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Birth weight and adult disease are genetically linked, study finds

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Posted September 30, 2016

Genes can help explain why some babies have a low birth weight, a major international study jointly led by The University of Queensland has found.

Researchers from UQ’s Diamantina Institute were part of a consortium from 17 countries that identified 60 genetic variants associated with birth weight, including 53 new variants.

Dr Nicole Warringtonjoint lead author, said the study concluded that at least one sixth of the differences in birth weight between babies could be due to genetic variation.

“Previous research has primarily focused on the nutrition available to the fetus and the environment provided by the mother, but this research shows it is more complicated than that,” Dr Warrington said.

Genes can help explain why some babies have a low birth weight. Credit: The University of Queensland

Genes can help explain why some babies have a low birth weight. Credit: The University of Queensland

“Identifying these genetic variants is a big step towards understanding what is making some babies small.

“We will continue to gather more pieces of the puzzle to give us insight into how the genetic profiles of the mother and the baby act together to modify the baby’s weight.”

UQDI Head of Genomic Medicine and joint senior author of the study,Professor David Evans, said the genetic regions linked to low birth weight overlapped with those connected to an individual’s chance of developing conditions such as type 2 diabetes and heart disease in later life.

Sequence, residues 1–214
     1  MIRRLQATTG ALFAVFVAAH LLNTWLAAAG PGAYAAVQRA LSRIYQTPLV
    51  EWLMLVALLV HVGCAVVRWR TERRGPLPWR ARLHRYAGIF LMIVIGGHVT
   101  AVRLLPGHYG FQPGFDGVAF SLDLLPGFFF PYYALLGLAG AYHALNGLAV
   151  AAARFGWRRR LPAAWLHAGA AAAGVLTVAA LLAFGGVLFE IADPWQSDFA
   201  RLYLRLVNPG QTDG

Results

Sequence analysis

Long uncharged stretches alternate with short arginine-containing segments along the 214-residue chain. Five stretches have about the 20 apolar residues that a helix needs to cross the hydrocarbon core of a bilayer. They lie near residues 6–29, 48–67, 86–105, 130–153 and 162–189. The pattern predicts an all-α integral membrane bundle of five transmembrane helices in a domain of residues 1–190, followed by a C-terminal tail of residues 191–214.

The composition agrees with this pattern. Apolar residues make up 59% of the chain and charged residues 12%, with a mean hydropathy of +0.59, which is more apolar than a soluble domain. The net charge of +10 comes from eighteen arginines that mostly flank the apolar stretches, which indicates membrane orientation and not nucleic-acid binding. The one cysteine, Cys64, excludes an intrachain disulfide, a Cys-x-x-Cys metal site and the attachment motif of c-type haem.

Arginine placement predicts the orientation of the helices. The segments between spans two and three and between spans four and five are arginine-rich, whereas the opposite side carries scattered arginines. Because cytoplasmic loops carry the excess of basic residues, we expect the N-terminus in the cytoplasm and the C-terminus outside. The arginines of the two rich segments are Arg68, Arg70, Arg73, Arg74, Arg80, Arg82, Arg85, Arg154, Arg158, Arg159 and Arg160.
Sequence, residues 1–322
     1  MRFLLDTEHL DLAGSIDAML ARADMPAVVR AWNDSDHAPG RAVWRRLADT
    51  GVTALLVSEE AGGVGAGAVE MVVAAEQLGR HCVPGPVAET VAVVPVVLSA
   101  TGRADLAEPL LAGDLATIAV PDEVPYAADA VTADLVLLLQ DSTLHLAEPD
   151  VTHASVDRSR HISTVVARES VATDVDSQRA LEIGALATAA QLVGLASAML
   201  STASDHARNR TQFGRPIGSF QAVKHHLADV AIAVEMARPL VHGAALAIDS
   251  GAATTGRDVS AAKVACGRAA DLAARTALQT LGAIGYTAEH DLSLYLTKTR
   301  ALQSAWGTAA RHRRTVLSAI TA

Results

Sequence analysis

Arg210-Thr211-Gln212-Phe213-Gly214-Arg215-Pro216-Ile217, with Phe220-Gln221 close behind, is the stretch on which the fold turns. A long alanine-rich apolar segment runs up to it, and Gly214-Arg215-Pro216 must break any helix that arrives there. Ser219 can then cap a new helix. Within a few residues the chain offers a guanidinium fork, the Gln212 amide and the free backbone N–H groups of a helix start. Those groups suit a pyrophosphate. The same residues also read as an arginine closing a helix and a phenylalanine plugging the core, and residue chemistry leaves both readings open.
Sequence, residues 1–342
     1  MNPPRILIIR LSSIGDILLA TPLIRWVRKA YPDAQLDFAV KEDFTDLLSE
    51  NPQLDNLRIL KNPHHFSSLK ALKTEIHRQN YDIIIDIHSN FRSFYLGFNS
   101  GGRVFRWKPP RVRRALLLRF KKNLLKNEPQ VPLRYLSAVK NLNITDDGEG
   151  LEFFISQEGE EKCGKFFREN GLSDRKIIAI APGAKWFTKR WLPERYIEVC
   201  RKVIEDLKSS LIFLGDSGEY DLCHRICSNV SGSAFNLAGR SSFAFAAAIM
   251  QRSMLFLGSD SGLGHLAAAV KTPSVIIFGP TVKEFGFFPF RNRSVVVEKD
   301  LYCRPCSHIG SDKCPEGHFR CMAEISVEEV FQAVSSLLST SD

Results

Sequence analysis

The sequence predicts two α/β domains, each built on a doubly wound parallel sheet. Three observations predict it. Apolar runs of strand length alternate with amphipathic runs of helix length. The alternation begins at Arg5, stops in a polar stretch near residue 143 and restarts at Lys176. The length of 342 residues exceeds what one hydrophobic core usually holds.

“Ultimately we can now say there is some genetic link between birth weight and ill health later in life, but we need to further investigate whether it’s mediated through the mother, her baby or both,” Professor Evans said.

“Although the increased risk of later heart disease or diabetes is relatively small, these findings could be important in terms of future prevention and treatments for these growing health problems.”

Researchers from the Universities of Exeter, Oxford, Bristol, Cambridge and the ERASMUS Medical Centre in Rotterdam led the study along with UQ.

The study analysed the genetic differences of almost 154,000 people and linked it to data on birth weight and previous studies on diabetes and heart disease.

Source: The University of Queensland

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